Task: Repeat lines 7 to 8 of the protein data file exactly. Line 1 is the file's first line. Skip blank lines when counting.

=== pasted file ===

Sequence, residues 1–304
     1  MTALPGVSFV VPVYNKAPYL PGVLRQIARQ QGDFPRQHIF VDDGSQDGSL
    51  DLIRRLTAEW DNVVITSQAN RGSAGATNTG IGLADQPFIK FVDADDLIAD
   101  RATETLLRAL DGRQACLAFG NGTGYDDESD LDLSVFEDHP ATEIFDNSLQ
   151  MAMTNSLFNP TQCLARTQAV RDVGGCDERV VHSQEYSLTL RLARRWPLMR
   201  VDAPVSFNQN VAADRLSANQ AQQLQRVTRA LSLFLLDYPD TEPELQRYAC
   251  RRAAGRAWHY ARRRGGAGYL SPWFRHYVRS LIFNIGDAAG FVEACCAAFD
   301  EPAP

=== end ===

   251  RRAAGRAWHY ARRRGGAGYL SPWFRHYVRS LIFNIGDAAG FVEACCAAFD
   301  EPAP